2 red jalapeno peppers
Wednesday, November 24, 2010
2 red jalapeno peppers
Wednesday, November 10, 2010
One recipe in particular caught my eye as a challenge: a pie of greens with phyllo dough made from scratch! You can make phyllo from scratch? And the recipe calls for VODKA and SODA? I was so giddy with the prospect of my new project that I went out, bought all of the necessary furnishments for hortopita and chopped my way through the afternoon in anticipation of a Sunday full of culinary domination. I was going to rule that phyllo dough. I was going to whip it into shape. To celebrate, I poured myself a little vodka/soda cocktail and headed out with friends for a Saturday night.
Here's a link to Saveur's instructions for making homemade phyllo, you sober show-off, you.
8 scallions, minced
6 cloves garlic, minced
2 lbs. mixture of swiss chard and/or rainbow kale
- fresh dill
- fresh mint
- fresh parsley
Give the phyllo several hours to thaw. Keep it in the box until you are ready to use it. When you take it out, carefully unroll and cover it with a damp towel at all times you aren't using it.
Mince garlic and scallions and set aside. Wash, drain and chop chard/kale. I put about a cup of the chard/kale into a food processor for a fine texture and left the rest roughly chopped. Wash drain and food process the dill, mint and parsley together.
Heat the 2 tablesoons of olive oil in a large skillet until hot. Saute the garlic and scallions until transluscent, then turn down the heat. Add all of the chard/kale and saute until completely wilted (you might have to add a few tablespoons water now and then and cover the skillet). Shut off the heat. Add in the fresh herbs, salt and fresh ground pepper and stir it all together to let the ambient heat of the greens invite the herbs to mingle their flavors. Let cool for 15 minutes, then add the crumbled feta. Let it cool to room temperature.
At this point, you can put the pockets on a cookie sheet so they aren't touching and put them in the freezer. When they're totally frozen through, layer them in a tupperware and separate the layers with wax paper. They freeze beautifully and I take them out 2 or three at a time to stick in the oven for dinner.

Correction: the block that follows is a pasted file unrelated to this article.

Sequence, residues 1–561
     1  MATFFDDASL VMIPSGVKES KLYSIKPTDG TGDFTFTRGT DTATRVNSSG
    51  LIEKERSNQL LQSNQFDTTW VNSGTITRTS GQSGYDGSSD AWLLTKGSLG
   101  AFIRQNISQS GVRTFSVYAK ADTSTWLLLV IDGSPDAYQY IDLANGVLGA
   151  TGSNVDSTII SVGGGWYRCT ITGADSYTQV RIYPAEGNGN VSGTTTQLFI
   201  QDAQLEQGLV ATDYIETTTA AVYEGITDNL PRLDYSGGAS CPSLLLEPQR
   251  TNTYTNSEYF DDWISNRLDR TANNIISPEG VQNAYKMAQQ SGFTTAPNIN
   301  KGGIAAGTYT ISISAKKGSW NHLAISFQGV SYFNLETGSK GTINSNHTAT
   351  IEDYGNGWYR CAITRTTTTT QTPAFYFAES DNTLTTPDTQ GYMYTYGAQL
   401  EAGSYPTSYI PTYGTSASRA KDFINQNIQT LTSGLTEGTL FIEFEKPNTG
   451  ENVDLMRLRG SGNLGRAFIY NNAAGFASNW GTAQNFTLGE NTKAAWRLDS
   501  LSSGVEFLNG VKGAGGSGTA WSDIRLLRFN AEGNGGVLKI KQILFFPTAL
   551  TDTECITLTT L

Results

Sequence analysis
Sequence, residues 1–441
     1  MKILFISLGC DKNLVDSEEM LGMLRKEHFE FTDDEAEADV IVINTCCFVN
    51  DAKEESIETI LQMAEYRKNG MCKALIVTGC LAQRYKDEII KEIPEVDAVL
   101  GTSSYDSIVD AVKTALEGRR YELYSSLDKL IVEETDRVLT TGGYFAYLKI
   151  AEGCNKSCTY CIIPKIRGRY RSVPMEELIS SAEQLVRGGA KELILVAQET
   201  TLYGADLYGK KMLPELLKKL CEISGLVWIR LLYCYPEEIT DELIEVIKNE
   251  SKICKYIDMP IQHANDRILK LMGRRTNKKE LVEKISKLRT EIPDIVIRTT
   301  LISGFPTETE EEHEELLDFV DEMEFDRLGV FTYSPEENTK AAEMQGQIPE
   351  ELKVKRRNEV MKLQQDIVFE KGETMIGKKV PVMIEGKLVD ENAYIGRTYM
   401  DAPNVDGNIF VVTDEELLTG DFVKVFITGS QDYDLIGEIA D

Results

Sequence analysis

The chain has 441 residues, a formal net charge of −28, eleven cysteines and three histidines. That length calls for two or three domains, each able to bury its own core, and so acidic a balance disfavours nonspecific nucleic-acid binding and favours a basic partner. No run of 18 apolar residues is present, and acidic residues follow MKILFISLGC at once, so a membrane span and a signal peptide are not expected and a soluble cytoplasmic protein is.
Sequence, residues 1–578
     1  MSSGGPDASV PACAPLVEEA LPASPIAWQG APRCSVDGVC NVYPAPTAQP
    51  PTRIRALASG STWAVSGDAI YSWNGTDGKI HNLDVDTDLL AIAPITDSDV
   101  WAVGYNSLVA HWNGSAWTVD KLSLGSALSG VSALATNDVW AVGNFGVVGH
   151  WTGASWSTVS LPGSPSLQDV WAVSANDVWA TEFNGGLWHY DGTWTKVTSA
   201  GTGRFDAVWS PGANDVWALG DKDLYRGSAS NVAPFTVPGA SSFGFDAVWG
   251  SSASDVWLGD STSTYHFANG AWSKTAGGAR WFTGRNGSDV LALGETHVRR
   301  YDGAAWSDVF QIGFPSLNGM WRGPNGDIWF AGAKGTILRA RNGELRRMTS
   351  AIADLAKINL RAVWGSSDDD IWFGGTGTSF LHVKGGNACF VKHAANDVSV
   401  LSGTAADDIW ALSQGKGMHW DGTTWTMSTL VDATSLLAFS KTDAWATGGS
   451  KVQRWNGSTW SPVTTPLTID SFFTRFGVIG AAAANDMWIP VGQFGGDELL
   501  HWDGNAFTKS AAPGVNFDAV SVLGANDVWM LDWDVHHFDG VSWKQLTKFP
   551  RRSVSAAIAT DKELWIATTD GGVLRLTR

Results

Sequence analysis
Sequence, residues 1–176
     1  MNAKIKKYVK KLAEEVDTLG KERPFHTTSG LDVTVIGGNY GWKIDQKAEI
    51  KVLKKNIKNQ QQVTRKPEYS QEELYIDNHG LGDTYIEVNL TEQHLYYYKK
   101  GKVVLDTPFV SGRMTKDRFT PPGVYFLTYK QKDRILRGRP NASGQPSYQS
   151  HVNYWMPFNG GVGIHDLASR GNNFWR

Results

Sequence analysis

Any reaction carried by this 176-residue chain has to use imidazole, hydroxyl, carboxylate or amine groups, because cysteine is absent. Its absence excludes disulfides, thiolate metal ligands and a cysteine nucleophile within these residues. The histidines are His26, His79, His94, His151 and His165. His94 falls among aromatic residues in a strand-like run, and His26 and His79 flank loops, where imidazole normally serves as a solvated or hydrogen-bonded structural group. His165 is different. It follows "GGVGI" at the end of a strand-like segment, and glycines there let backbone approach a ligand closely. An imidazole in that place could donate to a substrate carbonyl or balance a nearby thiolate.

If you're ready to make them, heat the oven to 350. Lay them on a cookie sheet and let them bake for about 15 minutes. Flip them over and let them bake another 10 or until nicely browned on each side. They will be HOT in the middle....so take care (and patience) when biting in.
Thursday, October 28, 2010
Now, I know how she felt. My completely comfortable nest is about to be taken apart. My feathers are going to get a little ruffled. My life is going to feel a little panick-y, a little strange in the midst of transition. But soon I'll have a nest somewhere else that I get to share with someone else...even if that means flying my DC coop. Because birds of a feather flock together. But I wonder whose going to rule the roost? HA! OK! I'm done.
Monday, October 4, 2010
Do you know how many people in the world just LOVE Little Debbie Snacks? My favorite as a kid was the Strawberry Jelly Roll. I had a boyfriend in college who could eat Christmas Tree Cakes morning, noon and night (and he sang a little song that went with his method of eating them branch by branch). Our favorite older backyard neighbors would slyly slip us treats of Nutty Bars when we raked their leaves. And who doesn't love a Swiss Cake Roll? Deb's motto is "Unwrap a Smile". I cannot argue with such a positive slogan about the power of baked goods.